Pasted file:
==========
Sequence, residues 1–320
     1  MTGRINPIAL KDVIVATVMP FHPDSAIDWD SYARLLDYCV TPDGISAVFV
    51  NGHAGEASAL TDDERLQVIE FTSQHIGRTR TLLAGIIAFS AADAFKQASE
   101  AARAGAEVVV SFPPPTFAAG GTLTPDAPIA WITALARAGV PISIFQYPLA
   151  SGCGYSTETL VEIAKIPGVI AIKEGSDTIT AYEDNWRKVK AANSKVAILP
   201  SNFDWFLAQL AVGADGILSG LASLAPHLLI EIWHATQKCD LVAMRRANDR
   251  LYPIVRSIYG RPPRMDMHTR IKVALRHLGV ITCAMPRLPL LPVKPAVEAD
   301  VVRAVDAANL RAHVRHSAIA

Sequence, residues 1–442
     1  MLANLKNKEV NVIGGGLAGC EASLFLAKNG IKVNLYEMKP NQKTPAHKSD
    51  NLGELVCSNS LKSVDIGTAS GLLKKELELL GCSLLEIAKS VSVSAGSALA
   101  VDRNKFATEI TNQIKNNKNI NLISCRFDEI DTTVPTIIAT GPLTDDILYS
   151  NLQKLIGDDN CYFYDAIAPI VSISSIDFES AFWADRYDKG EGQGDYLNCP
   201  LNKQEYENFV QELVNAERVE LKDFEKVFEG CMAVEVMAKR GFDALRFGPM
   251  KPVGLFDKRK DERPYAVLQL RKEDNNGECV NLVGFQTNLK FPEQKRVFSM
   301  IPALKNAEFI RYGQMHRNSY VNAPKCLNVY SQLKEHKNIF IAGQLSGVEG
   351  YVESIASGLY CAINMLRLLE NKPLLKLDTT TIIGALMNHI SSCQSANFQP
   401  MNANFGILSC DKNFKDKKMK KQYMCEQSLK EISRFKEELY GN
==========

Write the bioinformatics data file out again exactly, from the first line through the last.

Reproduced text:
Sequence, residues 1–320
     1  MTGRINPIAL KDVIVATVMP FHPDSAIDWD SYARLLDYCV TPDGISAVFV
    51  NGHAGEASAL TDDERLQVIE FTSQHIGRTR TLLAGIIAFS AADAFKQASE
   101  AARAGAEVVV SFPPPTFAAG GTLTPDAPIA WITALARAGV PISIFQYPLA
   151  SGCGYSTETL VEIAKIPGVI AIKEGSDTIT AYEDNWRKVK AANSKVAILP
   201  SNFDWFLAQL AVGADGILSG LASLAPHLLI EIWHATQKCD LVAMRRANDR
   251  LYPIVRSIYG RPPRMDMHTR IKVALRHLGV ITCAMPRLPL LPVKPAVEAD
   301  VVRAVDAANL RAHVRHSAIA

Sequence, residues 1–442
     1  MLANLKNKEV NVIGGGLAGC EASLFLAKNG IKVNLYEMKP NQKTPAHKSD
    51  NLGELVCSNS LKSVDIGTAS GLLKKELELL GCSLLEIAKS VSVSAGSALA
   101  VDRNKFATEI TNQIKNNKNI NLISCRFDEI DTTVPTIIAT GPLTDDILYS
   151  NLQKLIGDDN CYFYDAIAPI VSISSIDFES AFWADRYDKG EGQGDYLNCP
   201  LNKQEYENFV QELVNAERVE LKDFEKVFEG CMAVEVMAKR GFDALRFGPM
   251  KPVGLFDKRK DERPYAVLQL RKEDNNGECV NLVGFQTNLK FPEQKRVFSM
   301  IPALKNAEFI RYGQMHRNSY VNAPKCLNVY SQLKEHKNIF IAGQLSGVEG
   351  YVESIASGLY CAINMLRLLE NKPLLKLDTT TIIGALMNHI SSCQSANFQP
   401  MNANFGILSC DKNFKDKKMK KQYMCEQSLK EISRFKEELY GN